New owners buy go-cart biz

New go-carts are among the many positive changes coming to the Long Beach business at the corner of Pacific Avenue and Sid Snyder Drive.

LONG BEACH — Glenn Trusty saw his chance to make an offer on the go-cart track, and he literally he raced to catch them. He and his wife Hillary Trusty laughed on Aug. 1, as they recalled how he “sprinted across the parking lot” calling, “Do you want to sell this property?”

“I probably looked like some kind of crazed lunatic,” he said.

The Ilwaco couple, who own Dr. Roof, plan to reopen the newly-christened “Fun Beach Speedway” later this month. It will have new gear, a new name and a new emphasis on safety and family fun.

For Glenn Trusty, the purchase was the fulfillment of a lifelong ambition.

“That’s a business I have always wanted,” Trusty said. The couple has already begun repairing and cleaning up the troubled property; something city officials had been asking the previous owners to do for years.

“I’m just so tickled pink. They’ve done more work in probably four days than [the previous owners did] in the last 10 years,” Long Beach Mayor Jerry Phillips said. “I just think it’s tremendous, I really do.”

The Merrill Family Trust previously owned the downtown entertainment complex, which occupies a city block at the corner of Sid Snyder Boulevard and Pacific Avenue. Before the raid, Tony Merrill, formerly of Long Beach, had operated the track for about a decade.

The business closed when Merrill and his then girlfriend Doreen Morris were arrested on drug charges, following an April 4 raid on his home and businesses. Since then, several of Merrill’s associates have been arrested and charged for gun, burglary and drug-related charges. Merrill disappeared after bailing out of jail.

At first, it seemed another member of the extended Merrill family would take over the businesses. In July, Julie Merrill, of Ocean Shores, was reportedly negotiating a lease with Tony Merrill’s parents, Robert and Eldora Merrill, Phillips said.

When they met in the parking lot, Julie Merrill told Trusty the Merrill family had no interest in selling their business. He gave her a business card anyway. She called 45 minutes later.

An intense negotiation process coincided with the Trustys’ annual vacation in Hawaii.

“There were a couple of days where my husband literally did not get in the water once,” Hillary Trusty said. “He was on the phone and the computer.”

“I was on a personal mission,” he added.

Glenn Trusty declined to name the sales price, which is not a public record yet, but acknowledged that he paid more than market value for it.

“Let’s just say it was a lot,” he said.

A soon as the Trustys took over, workers cut down the knee-high weeds that had taken over, and began hauling truckloads of old tires and other junk away. Over the weekend, a roofing crew replaced the roof on the ticket booth.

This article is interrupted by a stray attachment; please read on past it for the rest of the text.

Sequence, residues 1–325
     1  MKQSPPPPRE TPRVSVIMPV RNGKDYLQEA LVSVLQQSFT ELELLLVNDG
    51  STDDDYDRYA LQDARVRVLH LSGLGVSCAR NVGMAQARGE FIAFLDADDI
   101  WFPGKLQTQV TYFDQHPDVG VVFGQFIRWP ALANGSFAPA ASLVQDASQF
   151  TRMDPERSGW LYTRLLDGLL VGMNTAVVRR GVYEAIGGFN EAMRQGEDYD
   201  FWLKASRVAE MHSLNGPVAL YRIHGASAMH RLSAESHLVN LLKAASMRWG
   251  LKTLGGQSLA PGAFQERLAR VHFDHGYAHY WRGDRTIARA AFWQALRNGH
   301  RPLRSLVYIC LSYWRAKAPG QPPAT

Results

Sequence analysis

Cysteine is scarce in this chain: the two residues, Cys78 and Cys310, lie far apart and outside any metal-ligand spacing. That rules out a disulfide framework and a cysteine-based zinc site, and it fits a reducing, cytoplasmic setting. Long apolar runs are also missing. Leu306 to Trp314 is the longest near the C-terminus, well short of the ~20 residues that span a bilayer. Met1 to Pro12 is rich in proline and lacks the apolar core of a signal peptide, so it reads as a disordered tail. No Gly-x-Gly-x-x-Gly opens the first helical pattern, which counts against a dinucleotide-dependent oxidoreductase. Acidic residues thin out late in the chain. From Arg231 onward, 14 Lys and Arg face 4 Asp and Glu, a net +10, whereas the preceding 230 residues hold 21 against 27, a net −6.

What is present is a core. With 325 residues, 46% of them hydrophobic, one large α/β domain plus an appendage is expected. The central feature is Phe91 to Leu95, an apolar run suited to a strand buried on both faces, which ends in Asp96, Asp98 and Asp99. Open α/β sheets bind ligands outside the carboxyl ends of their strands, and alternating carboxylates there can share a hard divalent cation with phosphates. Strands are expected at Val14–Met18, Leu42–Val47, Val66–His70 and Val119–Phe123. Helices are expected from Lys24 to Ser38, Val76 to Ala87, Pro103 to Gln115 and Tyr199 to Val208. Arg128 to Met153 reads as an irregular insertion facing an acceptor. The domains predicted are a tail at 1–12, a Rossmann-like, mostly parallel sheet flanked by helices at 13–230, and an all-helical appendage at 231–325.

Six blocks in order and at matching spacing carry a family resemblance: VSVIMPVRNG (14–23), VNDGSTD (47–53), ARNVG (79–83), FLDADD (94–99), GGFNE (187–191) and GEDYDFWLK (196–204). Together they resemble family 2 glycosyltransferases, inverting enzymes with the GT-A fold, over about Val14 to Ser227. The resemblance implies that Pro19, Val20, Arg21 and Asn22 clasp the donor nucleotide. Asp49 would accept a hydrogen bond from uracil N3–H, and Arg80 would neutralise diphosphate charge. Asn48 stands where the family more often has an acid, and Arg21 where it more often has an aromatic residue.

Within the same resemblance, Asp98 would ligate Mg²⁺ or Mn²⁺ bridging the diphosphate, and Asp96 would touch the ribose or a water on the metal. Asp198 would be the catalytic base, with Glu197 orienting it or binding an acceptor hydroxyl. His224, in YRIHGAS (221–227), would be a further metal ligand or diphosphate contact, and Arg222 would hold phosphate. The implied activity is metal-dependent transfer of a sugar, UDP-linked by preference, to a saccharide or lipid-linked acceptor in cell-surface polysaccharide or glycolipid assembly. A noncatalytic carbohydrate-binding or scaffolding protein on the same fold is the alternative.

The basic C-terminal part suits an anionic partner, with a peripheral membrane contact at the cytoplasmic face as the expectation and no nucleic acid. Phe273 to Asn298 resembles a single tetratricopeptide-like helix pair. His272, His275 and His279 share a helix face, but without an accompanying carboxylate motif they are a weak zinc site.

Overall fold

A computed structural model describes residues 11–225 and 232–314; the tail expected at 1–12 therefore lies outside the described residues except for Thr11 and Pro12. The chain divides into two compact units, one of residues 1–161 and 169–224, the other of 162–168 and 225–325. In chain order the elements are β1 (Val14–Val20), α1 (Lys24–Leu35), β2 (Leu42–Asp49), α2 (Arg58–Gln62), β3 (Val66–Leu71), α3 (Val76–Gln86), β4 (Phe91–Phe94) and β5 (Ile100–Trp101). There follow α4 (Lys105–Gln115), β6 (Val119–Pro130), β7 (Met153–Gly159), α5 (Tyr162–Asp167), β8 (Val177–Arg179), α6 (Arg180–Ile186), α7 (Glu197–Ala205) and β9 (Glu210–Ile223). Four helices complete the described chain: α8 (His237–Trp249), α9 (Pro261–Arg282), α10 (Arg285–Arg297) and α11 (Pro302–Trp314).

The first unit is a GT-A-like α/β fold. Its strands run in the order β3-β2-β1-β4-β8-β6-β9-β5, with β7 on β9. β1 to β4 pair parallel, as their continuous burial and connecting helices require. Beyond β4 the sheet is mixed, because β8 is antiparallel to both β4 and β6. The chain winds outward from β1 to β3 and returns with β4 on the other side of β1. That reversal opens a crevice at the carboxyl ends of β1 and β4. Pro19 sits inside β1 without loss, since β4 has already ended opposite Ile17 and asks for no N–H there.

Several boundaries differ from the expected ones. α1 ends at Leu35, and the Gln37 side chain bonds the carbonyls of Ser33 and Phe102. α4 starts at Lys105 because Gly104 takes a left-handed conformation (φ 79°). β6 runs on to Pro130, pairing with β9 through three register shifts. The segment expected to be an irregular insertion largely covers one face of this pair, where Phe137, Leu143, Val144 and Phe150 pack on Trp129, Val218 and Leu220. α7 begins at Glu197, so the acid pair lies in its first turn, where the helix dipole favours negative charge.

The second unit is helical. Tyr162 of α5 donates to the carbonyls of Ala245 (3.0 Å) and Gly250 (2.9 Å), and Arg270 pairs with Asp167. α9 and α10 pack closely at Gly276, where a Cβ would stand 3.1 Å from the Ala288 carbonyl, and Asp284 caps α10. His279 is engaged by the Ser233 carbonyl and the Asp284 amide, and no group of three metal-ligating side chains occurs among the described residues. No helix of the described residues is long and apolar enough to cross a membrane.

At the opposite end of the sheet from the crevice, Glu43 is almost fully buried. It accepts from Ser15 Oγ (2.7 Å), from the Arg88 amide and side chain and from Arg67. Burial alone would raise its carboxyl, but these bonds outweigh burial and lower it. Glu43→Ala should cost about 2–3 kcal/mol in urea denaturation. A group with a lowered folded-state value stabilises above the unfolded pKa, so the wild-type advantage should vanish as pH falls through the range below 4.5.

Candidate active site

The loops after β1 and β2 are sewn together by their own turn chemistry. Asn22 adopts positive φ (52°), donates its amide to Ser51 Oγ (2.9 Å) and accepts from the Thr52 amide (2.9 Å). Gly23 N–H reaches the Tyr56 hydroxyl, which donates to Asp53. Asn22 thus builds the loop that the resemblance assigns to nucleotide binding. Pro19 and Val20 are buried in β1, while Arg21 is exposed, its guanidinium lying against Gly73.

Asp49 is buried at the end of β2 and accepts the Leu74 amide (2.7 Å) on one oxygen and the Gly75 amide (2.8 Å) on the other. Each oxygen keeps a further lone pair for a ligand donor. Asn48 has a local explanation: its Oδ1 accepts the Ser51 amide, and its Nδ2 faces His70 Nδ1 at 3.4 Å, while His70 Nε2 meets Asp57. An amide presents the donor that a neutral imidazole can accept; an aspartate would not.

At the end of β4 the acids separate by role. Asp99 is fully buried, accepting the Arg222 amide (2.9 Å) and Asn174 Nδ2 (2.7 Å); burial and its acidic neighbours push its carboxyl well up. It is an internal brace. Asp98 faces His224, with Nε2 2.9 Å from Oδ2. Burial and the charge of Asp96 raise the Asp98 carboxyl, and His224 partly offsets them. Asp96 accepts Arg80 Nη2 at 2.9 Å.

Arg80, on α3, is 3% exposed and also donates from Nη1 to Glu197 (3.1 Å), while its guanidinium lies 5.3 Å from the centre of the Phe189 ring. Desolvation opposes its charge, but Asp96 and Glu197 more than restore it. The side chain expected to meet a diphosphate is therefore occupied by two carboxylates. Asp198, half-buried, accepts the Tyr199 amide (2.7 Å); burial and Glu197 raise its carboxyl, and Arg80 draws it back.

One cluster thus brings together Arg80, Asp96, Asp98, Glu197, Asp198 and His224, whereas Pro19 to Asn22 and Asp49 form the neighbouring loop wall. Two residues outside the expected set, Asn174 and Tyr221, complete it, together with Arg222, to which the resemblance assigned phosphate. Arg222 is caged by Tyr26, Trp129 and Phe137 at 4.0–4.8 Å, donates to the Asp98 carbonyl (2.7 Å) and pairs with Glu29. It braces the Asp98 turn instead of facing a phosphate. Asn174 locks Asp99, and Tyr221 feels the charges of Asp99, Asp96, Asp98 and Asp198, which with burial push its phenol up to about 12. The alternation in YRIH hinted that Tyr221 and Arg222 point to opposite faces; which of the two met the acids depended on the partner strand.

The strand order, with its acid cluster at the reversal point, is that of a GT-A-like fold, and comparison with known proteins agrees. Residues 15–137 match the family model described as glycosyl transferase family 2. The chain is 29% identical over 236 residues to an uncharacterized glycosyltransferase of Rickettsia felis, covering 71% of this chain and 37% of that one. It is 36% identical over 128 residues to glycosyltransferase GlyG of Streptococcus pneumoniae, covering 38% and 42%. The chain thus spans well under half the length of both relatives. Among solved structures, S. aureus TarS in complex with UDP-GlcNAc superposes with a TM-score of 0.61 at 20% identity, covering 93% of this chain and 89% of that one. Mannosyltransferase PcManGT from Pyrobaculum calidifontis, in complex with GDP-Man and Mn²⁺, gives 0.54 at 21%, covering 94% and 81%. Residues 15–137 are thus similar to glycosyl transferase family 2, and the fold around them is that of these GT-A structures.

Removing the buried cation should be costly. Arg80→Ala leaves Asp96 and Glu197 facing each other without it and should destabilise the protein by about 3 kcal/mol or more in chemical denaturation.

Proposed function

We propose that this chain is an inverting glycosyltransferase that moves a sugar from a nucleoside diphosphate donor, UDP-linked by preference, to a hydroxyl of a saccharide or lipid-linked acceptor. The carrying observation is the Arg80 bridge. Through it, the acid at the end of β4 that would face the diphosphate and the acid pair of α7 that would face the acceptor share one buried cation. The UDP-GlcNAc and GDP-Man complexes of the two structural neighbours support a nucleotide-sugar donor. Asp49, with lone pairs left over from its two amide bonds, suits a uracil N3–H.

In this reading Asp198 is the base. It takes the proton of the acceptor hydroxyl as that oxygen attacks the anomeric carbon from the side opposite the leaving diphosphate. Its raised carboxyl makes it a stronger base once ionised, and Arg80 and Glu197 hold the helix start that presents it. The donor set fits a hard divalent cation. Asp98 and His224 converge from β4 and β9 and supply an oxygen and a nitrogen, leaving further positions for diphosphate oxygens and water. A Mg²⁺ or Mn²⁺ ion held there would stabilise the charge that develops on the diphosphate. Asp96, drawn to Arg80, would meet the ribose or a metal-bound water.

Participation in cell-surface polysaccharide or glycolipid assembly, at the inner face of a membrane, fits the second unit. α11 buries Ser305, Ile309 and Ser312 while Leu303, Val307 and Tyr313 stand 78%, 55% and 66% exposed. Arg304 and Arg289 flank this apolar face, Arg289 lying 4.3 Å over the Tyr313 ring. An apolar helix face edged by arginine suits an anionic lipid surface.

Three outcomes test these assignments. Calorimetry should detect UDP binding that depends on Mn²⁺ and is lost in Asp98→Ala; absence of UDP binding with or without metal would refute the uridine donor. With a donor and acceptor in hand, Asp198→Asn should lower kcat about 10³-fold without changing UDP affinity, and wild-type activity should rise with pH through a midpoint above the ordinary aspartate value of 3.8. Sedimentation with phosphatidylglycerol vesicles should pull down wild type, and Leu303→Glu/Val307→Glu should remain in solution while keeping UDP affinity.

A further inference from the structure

Long Beach officials and state agencies had been asking Tony Merrill to deal with those issues and other safety hazards and code violations for at least a couple of years. Phillips said he, City Administrator David Glasson and Fire and Building Inspector Matt Bonney provided the Trustys with a list of issues they’d have to address before and after opening.

Glenn Trusty is “already way ahead of the game,” Phillips said. “He is doing a fantastic job of meeting requirements, getting everything done the right way.”

The Trustys said they remembered when the amusement complex thrived under the management of Robert and Eldora Merrill. That helped them see its potential to be a positive, family and community-oriented business. Despite everything that happened after their son Tony took over, the Trustys said the elder Merrills still wanted to find a buyer who would care about the business.

“That meant something to them,” he said. “It had to not be just about the money, it had to be about the right fit for them.”

Although the Trustys now own the whole city block, including the shuttered Long Beach Mopeds and Long Beach Krazy Kars buildings, the focus this year will be on the track.

“The biggest priority was to clean up the property and get the track running, so that we could begin to generate some revenue to fund the expedition,” Glenn Trusty joked. “We have a lot of plans for the rest of the property that I think people are going to be very excited to see.”

Right now, they’re refurbishing a few of the older go-carts, and waiting for an order of new carts to arrive. They are also installing a new safety railing and another safety feature called a “pit gate.” They’re consulting with state workplace safety experts, and will soon be doing a two-day training with an experienced amusement park operator. Soon, they’ll be hiring four to six part-time workers to run the track, but they expect to be “very” involved in day-to-day operations for the foreseeable future.

Eventually, they may open another amusement-oriented business in the moped building, or rent it to a tenant. However, new bike and moped rental ventures have opened since Merrill went out of business, and they don’t want to compete with them.

“We don’t have any intentions of being in the moped business,” Glenn Trusty said. “We are in support and hope that the existing bike and moped shops find great success.”

He said they also have plans for the large green “Krazy Kars” building, but for now, they’re only

“We do have plans in mind, but those kind are of surprises,” Trusty said.

Interested in working at the go-cart track? Email your resume and a brief letter of introduction to

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